When we think of spiders, scorpions or especially centipedes, these thoughts are usually not synonymous with lunch. However, there is one tiny, indescribable snake species that resides in this state and does just that, and that species is the black-headed plains snake.
The plains black-headed snake (Tantilla nigriceps) is a harmless and rather small snake, with most adults reaching sexual maturity between 6 and 8 inches in total length. The largest specimen ever recorded was just under 15 inches, making this individual a true “whopper”. I have personally observed well over 100 individuals of this species, and have never seen one even approaching record size.
Like other members of the genus Tantilla, this species is rather unpretentious in appearance. Body coloring varies slightly from tan to light yellowish without any distinguishing marks. The only mark on the top of the snake is the dark, usually black crown on the top of the head (hence the origin of the common name black-headed snake). This black crown extends beyond the scales of the head on the neck by more than 3 scales and is always either convex or pointed. It is one of the diagnostic traits used to differentiate this species from other closely related species. The belly is white with a narrow band of pink or salmon color running lengthwise down the center of the belly. Due to the small, smooth dorsal scales, this snake will often have a shiny appearance.
Plains Black Head Snakes can be seen throughout much of the southwestern United States, including west 2/3 of the great state of Texas. Like most other burrowing animals, this species prefers areas with loose soil in which it can burrow. It is often seen in meadows and pastures under surface debris such as flat stones, fallen logs, and even dried cow patties. In urban settings, it often resides under decorative slabs, clay pots and piles of rubbish. Wherever it occurs, the soil should have a certain amount of moisture to maintain the required high humidity that it prefers.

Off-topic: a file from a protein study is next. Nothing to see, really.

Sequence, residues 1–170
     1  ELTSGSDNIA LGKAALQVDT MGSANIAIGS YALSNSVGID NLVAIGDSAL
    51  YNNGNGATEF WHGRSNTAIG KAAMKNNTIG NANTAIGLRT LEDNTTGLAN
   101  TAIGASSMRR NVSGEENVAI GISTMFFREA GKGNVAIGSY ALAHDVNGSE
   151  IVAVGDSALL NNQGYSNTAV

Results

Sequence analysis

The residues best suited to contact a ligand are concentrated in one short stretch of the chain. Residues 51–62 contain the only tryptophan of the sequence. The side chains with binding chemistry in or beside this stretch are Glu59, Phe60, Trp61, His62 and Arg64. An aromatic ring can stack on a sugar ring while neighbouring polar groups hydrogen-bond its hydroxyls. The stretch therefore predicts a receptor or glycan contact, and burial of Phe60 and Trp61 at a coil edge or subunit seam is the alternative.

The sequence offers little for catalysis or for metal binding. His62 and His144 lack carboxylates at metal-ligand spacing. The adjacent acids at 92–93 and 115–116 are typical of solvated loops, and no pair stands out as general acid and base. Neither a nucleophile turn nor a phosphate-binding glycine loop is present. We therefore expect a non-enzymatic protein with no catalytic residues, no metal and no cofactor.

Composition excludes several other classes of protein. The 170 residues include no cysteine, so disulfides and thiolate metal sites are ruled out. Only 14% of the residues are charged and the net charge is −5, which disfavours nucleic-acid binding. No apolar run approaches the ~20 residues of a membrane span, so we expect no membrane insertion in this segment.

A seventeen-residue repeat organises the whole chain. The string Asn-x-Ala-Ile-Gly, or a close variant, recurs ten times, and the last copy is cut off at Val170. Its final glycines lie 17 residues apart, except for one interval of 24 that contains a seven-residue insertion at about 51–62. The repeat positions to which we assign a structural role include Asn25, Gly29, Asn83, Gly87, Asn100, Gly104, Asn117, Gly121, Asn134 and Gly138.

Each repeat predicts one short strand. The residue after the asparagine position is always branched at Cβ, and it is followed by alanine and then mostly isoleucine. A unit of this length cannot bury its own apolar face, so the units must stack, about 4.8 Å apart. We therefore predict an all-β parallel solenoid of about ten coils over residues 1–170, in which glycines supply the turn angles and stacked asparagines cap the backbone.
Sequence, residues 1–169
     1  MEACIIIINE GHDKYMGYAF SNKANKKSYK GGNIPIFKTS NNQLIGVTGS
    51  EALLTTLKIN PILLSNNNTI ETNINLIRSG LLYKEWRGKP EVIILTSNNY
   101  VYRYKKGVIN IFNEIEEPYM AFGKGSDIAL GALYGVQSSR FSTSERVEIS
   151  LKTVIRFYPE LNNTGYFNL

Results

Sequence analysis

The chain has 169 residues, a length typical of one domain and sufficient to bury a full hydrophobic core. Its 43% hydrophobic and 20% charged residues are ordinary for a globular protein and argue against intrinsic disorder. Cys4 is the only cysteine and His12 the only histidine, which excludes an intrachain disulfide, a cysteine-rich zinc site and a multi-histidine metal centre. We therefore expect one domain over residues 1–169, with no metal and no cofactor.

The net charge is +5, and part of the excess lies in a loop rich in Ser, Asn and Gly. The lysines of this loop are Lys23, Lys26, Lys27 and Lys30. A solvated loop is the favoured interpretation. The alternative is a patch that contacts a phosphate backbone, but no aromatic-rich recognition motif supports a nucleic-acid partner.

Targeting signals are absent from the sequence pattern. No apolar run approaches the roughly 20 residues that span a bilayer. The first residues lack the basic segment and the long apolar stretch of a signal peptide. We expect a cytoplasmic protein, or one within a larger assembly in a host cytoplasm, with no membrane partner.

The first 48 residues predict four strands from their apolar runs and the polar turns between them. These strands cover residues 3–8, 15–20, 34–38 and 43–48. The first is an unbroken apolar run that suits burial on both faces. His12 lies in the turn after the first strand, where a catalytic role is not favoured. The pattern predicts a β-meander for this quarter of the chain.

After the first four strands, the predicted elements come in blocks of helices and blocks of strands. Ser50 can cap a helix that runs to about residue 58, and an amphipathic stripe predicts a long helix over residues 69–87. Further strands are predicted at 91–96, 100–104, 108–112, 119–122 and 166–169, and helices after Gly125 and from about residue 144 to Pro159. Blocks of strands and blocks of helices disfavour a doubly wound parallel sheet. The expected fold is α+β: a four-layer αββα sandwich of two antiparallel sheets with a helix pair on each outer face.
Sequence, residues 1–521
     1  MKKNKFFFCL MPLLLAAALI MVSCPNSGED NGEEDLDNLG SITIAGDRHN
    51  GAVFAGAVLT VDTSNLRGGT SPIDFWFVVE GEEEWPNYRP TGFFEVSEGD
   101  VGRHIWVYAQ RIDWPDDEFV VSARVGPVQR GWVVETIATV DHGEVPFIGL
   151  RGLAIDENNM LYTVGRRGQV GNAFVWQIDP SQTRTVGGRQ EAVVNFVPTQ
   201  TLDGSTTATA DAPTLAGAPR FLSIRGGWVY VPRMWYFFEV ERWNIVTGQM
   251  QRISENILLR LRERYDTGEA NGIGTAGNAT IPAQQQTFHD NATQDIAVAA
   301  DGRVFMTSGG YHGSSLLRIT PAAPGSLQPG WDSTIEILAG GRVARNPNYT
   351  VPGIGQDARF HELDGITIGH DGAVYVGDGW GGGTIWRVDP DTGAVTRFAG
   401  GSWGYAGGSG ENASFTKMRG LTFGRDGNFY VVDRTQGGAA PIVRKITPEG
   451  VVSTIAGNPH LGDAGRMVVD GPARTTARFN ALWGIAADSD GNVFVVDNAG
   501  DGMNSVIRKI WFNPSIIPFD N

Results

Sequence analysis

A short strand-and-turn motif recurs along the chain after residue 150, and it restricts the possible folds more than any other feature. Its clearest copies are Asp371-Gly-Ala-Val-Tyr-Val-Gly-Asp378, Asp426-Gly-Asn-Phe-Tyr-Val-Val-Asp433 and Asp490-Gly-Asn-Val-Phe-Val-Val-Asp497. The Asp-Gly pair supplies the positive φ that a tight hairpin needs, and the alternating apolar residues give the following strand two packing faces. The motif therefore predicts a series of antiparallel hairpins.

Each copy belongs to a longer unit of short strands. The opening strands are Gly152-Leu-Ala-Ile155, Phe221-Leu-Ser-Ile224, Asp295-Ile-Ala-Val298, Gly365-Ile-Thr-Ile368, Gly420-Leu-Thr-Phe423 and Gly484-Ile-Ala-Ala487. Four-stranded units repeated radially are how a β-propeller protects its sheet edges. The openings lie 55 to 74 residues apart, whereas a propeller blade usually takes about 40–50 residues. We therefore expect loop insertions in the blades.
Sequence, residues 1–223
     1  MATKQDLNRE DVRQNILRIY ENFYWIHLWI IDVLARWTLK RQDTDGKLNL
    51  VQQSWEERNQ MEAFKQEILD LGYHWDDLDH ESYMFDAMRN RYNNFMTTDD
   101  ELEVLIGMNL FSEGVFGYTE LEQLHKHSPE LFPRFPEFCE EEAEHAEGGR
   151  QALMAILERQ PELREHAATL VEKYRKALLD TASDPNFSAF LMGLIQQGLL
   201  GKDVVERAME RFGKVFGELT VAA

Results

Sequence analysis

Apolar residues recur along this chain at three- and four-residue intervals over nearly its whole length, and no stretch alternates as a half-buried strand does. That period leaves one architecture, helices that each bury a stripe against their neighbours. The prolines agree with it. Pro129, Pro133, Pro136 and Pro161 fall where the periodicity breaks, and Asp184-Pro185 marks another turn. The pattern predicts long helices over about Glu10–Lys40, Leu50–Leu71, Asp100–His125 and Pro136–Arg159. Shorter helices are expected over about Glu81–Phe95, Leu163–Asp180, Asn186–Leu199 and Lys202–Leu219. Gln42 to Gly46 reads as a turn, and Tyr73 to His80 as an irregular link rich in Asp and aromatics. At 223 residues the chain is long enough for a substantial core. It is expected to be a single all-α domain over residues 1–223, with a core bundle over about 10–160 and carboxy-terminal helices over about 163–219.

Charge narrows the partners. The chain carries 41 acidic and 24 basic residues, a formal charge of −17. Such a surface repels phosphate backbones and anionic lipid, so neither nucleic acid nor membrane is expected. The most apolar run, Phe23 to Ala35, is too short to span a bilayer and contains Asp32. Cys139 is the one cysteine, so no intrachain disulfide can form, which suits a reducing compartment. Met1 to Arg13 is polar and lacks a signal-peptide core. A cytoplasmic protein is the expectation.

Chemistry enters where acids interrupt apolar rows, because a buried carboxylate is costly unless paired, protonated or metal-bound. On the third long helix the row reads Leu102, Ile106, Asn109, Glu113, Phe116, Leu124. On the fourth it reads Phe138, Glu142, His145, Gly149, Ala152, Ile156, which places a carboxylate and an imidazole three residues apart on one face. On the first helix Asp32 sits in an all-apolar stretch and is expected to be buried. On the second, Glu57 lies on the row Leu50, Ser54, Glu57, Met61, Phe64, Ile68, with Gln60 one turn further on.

Like almost all other reptiles that reside in temperate climates, they undergo a period of inactivity during the colder months of the year, allowing sexually mature adults to generate the sperm and eggs necessary for successful reproduction in the spring. . Very similar to most other harmless snakes found in Texas, black-headed plains snakes are egg-laying animals. Mating takes place mainly during the months of March and April, and the 1 to 3 extremely elongated eggs are laid a month later in sufficiently humid areas. After an incubation period of around two months, the delicate babies hatch and are 2-3 inches in length, typically mimic the color and pattern of adults, and are able to fend for themselves from birth.
Black-headed plains snakes are primarily burrowers, spending the vast majority of their lives underground or under surface debris. It is in this habitat that they find their main prey, centipedes, spiders, scorpions and insect larvae. When precipitation is abundant, this species will become active on the surface, and many are found crossing roads under these conditions.
This species, although rarely encountered (other than by those who actually seek it!), Is quite common. Interestingly enough, this species is actually rear-fanged and has a slight toxin, but lacks a sophisticated venom delivery system. The venom is also quite weak. Therefore, like the majority of snakes that occur in this state, it is completely harmless to humans.
Michael Price is the owner of Wild About Texas, an educational company specializing in poisonous animal safety training, environmental counseling, and eco-tourism. Contact him at [email protected]